The biogenic amine 5-hydroxytryptamine (5-HT) acts as a chemical messenger in most animal phyla in which it controls and modulates a great variety of important physiological and behavioural processes (Weiger, 1997). Disruption of the 5-hydroxytryptaminergic system has been linked to several human disease states, such as schizophrenia, migraine, depression, suicidal behaviour, infantile autism, eating disorders and obsessive–compulsive disorder (Jones and Blackburn, 2002). In insects, 5-HT signalling has been ascribed as being involved in the modulation of the heart rate (Zornik et al., 1999), secretory processes (Just and Walz, 1996), development (Colas et al., 1999), circadian rhythms (Page, 1987; Yuan et al., 2005), aggression (Dierick and Greenspan, 2007), behavioural gregarization in locusts (Anstey et al., 2009) and learning and memory (Sitaraman et al., 2008). The multifaceted actions of 5-HT are mediated by binding to integral membrane receptors, most of which, except for the 5-HT3 receptor ion channel, belong to the superfamily of G-protein-coupled receptors (GPCRs). In vertebrates, six main classes of G-protein-coupled 5-HT receptors have been classified on the basis of their sequence similarities, gene organization, second-messenger coupling pathways and pharmacological characteristics (Hoyer et al., 2002; nomenclature follows Alexander et al., 2009). The 5-HT1 and 5-HT5 receptors couple preferentially to Gi/o proteins, and inhibit cAMP synthesis. The 5-HT2 receptors couple preferentially to Gq/11 proteins, which mediate the hydrolysis of inositol phosphates and a subsequent increase in cytosolic Ca2+ levels. The 5-HT4, 5-HT6 and 5-HT7 receptors all couple preferentially to Gs proteins, and promote cAMP formation. In invertebrates, the 5-hydroxytryptaminergic system might be similarly complex (Hauser et al., 2006). For example, the fruit fly Drosophila melanogaster is known to express at least four 5-HT receptor subtypes that are predicted to be orthologs of the mammalian 5-HT1A, 5-HT2 and 5-HT7 receptors. These are the Dm5-HT1A and Dm5-HT1B (Saudou et al., 1992), Dm5-HT2 (Colas et al., 1995) and Dm5-HT7 (Witz et al., 1990) receptors, respectively (see Nichols, 2006; Nichols and Nichols, 2008). The sequences and the signal transduction mechanisms of 5-HT receptors are generally highly conserved between vertebrates and invertebrates (Hen, 1992). In contrast, the pharmacological properties of vertebrate and invertebrate receptors vary significantly in many cases (see Blenau and Baumann, 2001; Tierney, 2001). The 5-HT1 receptors form the largest class of 5-HT receptors (Gerhardt and van Heerikhuizen, 1997). In vertebrates, several members of this class show agonist-independent activation of associated G proteins, and thus are constitutively active (McLoughlin and Strange, 2000; Martel et al., 2007). Constitutive activity is now accepted as being a common property of many GPCRs (Seifert and Wenzel-Seifert, 2002), but has not, as yet, been shown for any insect 5-HT1 receptor.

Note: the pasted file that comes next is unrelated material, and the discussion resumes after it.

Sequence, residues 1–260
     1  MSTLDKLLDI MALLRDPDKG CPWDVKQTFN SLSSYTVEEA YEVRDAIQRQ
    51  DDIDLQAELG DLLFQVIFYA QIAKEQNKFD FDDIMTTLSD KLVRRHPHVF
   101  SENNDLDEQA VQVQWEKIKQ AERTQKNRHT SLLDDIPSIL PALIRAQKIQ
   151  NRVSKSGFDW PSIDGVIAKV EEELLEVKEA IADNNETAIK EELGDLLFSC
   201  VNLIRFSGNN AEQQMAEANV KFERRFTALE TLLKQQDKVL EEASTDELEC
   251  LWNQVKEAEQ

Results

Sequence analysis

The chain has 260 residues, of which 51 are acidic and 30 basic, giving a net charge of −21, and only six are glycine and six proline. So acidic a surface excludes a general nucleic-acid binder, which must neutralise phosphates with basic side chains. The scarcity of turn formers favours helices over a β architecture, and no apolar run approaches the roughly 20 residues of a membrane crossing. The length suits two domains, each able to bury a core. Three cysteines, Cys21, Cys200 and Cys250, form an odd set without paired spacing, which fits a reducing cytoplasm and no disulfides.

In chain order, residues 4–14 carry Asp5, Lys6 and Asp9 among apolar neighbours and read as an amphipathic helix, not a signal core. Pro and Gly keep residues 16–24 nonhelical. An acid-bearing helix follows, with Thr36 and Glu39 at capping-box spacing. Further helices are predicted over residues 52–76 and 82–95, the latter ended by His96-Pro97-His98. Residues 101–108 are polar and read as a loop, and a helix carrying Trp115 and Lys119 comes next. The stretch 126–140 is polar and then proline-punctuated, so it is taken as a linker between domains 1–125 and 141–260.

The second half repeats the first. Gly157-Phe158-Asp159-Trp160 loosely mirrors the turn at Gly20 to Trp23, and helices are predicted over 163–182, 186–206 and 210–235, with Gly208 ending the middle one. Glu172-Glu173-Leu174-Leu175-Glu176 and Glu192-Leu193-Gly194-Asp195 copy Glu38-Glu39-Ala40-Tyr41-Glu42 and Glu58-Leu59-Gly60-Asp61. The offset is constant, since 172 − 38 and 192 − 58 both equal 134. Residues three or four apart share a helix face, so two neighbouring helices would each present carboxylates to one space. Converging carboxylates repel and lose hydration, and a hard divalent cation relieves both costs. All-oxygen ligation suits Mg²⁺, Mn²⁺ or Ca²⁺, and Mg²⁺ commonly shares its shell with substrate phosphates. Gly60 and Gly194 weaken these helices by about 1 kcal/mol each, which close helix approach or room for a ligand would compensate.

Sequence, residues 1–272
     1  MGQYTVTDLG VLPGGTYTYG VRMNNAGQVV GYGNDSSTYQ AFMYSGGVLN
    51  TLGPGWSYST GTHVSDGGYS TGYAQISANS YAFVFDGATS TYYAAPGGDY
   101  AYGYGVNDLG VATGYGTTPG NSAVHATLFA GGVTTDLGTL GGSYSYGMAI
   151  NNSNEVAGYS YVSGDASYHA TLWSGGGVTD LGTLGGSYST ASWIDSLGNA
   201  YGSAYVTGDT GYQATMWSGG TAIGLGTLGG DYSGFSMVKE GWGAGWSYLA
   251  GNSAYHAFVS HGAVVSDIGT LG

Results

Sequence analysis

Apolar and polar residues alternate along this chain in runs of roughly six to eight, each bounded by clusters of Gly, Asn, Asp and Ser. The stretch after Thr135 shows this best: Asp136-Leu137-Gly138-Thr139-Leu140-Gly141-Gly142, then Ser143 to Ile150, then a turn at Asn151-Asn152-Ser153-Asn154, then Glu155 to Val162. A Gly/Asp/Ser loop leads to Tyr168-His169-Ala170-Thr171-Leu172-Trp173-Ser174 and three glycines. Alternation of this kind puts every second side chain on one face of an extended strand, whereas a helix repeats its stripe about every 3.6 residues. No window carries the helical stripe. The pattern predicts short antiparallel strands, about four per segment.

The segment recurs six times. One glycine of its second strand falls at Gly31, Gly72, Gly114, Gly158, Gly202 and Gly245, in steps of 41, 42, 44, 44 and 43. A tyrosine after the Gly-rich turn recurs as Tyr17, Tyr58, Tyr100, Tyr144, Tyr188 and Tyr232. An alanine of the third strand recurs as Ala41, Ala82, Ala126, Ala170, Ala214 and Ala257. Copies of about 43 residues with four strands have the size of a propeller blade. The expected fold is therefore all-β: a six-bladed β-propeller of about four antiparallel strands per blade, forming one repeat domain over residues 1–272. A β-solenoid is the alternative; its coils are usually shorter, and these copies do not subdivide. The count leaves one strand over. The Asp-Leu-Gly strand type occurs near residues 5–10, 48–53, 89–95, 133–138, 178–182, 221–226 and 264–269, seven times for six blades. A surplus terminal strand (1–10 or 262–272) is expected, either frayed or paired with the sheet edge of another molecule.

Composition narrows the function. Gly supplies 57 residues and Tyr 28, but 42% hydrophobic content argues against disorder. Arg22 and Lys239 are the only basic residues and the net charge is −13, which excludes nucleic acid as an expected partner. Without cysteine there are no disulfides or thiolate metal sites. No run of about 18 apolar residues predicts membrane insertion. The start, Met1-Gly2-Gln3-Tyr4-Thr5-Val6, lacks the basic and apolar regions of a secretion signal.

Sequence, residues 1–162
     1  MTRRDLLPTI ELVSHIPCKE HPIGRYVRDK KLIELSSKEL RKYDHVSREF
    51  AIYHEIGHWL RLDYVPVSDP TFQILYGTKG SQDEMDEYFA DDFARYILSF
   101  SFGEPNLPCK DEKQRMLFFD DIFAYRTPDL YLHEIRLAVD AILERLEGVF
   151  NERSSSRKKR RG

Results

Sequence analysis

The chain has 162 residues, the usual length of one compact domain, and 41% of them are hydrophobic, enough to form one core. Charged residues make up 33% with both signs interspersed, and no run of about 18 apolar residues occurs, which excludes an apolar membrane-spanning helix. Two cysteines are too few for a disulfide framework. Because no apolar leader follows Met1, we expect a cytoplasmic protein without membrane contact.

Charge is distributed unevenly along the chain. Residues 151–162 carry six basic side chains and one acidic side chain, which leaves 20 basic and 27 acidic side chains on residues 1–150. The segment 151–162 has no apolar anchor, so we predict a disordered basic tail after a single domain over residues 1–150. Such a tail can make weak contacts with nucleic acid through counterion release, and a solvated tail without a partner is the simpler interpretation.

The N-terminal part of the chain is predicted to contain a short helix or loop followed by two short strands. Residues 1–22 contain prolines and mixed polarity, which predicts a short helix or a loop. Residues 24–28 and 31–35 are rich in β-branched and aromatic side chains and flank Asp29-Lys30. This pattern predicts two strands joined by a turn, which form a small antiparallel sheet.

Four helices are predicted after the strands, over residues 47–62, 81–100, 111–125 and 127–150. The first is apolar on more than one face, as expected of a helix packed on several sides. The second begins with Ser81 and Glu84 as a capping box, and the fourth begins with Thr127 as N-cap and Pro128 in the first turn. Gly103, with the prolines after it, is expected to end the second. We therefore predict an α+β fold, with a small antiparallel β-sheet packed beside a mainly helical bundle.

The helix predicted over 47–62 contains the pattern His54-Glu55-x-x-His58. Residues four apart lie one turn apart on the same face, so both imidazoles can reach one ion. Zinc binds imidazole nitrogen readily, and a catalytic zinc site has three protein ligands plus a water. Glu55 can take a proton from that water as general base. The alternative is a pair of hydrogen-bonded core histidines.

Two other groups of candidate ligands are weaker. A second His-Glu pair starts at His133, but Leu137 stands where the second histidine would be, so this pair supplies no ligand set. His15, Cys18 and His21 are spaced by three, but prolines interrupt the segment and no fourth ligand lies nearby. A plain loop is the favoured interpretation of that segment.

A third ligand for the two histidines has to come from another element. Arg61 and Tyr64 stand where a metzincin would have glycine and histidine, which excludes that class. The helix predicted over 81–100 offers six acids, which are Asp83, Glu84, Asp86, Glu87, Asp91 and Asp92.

In the present study, we have cloned and characterized a 5-HT receptor of the cockroach Periplaneta americana with significant homologies to members of the 5-HT1 receptor class. Cockroaches have been widely used as a model organism for basic research in physiology and neurobiology (Downer, 1990; Watanabe and Mizunami, 2007). In particular, the salivary gland of P. americana is a well-established model system for studying excitation–secretion coupling in epithelia and aminergic signal transduction (see House and Ginsborg, 1985; Walz et al., 2006). Information has thus been accumulated on the pharmacology of amine receptors in the salivary glands and other tissues of cockroaches (Downer, 1990; Walz et al., 2006; Troppmann et al., 2007). Comparatively little is known, however, concerning the exact repertoire and molecular properties of amine receptors in P. americana (Bischof and Enan, 2004; Rotte et al., 2009), and, until this study, no molecular data on 5-HT receptors have been available.
In this investigation, we show that the mRNA encoding a cockroach 5-HT1 receptor is expressed in the brain, salivary gland and midgut tissue. Immunohistochemical analysis has revealed the presence of the receptor protein in a specific subset of pars intercerebralis cells of the cockroach brain. When stably expressed in HEK 293 cells, the receptor inhibits the formation of cAMP with an EC50 of ∼130 nM for serotonin. The receptor shows constitutive activity, which can be blocked by the 5-HT1A receptor antagonist WAY 100635. Our study has therefore elucidated unique molecular and pharmacological details of an insect 5-HT1 receptor, and advances our knowledge concerning the complexity of the 5-hydroxytryptaminergic system in insects.